Legislation which would make it impossible for a person to change his name “because the one he bears when he comes to this country he finds detrimental to him in business” was advocated by H. S. Black, chairman of the board of the United States Realty and Improvement Company and a director of other companies. Mr. Black made the suggestion at a dinner tendered recently by the George A. Fuller Company to the officers of the U. S. Realty and Improvement Company, the National City Bank and the National City Company. His address, printed in pamphlet form, was distributed to stockholders of the various companies in which he is interested.
In the course of his address Mr. Black said: “A somewhat disturbing feature in real estate today is the foreign element. When I came to New York thirty-five years ago, this was conspicuous by its absence and under no circumstances would a foreigner own or operate property; he always rented. During the past few years, however, conditions have changed and there are probably more foreigners in the real estate field now than native-born.
“I have a great respect for the acumen of the foreigner in the business world and for his knowledge and love of the Arts, but I do object to those who for ‘business reasons’ change the names betraying their race and in some cases also change their religion. It is said that a leopard cannot change its spots but that a snake can shed its skin: it seems to me this applies to some of the foreign element-they may shed their skin by the change of name, but the spots remain.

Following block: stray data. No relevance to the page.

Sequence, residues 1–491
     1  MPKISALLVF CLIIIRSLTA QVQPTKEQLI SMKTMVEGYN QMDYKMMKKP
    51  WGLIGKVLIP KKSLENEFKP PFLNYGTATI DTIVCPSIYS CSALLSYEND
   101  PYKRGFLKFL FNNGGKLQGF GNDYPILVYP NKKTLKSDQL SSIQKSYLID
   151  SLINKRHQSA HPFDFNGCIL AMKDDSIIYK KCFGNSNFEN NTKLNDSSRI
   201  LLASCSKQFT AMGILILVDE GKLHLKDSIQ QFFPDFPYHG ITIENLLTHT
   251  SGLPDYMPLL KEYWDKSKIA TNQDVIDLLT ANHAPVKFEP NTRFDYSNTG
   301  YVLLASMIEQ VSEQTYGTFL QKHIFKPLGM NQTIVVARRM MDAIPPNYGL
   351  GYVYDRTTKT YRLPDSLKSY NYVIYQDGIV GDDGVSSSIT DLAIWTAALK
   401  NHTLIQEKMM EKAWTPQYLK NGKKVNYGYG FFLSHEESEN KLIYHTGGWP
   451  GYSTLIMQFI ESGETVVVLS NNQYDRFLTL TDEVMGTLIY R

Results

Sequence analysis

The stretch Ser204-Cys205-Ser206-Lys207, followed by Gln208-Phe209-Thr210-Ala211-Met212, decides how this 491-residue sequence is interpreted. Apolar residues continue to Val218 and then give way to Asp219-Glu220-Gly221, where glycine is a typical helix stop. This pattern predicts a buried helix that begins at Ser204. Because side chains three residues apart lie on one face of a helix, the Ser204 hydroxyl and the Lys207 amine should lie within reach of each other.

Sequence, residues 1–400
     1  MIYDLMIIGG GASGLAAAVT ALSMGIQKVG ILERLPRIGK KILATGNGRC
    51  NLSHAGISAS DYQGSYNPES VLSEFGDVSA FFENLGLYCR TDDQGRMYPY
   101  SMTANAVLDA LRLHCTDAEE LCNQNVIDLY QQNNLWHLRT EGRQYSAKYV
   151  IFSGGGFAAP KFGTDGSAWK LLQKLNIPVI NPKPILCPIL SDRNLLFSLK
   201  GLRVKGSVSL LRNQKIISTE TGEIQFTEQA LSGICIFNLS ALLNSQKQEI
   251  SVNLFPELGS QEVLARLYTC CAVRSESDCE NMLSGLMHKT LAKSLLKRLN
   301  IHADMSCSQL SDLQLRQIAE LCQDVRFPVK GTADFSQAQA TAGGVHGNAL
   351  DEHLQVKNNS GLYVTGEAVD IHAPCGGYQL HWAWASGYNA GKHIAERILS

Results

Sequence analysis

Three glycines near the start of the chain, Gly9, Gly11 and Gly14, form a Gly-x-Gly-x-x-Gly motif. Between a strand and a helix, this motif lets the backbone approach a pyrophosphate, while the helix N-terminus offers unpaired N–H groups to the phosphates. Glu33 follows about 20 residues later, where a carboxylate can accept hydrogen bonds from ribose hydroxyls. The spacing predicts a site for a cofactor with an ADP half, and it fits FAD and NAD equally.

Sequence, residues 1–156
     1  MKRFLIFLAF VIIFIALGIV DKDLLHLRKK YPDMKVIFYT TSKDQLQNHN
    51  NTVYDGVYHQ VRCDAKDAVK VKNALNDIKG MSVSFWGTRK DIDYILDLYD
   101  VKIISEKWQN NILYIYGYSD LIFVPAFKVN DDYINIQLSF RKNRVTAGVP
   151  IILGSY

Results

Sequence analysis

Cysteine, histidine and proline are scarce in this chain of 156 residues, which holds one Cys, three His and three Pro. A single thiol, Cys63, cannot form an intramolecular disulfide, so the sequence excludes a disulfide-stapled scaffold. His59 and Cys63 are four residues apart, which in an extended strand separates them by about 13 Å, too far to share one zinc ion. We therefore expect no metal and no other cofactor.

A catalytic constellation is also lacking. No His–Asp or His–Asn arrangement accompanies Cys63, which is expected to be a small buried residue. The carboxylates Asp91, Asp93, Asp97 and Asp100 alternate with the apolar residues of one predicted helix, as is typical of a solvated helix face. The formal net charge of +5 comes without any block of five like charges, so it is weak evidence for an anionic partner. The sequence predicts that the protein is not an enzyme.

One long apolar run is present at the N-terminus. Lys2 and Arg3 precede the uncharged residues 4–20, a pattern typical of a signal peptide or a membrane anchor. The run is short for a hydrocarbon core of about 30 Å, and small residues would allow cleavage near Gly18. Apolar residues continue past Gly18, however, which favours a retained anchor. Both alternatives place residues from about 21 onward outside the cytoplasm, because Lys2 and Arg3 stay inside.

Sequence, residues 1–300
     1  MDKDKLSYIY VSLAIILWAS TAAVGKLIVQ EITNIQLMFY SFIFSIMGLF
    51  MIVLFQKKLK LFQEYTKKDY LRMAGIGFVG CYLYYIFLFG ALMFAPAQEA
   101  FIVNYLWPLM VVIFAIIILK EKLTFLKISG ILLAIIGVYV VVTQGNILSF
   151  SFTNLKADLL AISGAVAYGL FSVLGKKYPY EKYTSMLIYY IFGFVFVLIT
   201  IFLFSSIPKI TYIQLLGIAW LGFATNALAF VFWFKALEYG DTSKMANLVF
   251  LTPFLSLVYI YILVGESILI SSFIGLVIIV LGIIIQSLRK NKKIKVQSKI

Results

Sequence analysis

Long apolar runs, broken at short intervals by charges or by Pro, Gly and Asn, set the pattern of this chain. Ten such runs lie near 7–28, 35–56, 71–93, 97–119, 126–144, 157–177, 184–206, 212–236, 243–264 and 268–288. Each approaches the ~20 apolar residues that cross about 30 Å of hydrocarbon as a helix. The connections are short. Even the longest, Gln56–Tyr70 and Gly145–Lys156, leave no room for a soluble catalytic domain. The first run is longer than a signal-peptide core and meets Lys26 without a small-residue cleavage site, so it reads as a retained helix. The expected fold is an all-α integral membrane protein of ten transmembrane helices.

“As I understand it a man may change his name as often as he changes his coat, if he desires and can obtain the Court’s approval, or can do so unofficially without such approval, and I am in favor of legislation which will make this impossible. I think it all wrong for a foreigner to be able to acquire a good old New England name, for instance, because the one he bears when he comes to this country he finds detrimental to him in business.”
Among the companies of which Mr. Black is a director and whose stock-holders received the pamphlet are the National City Bank and the Missouri-Kansas-Texas Railroad.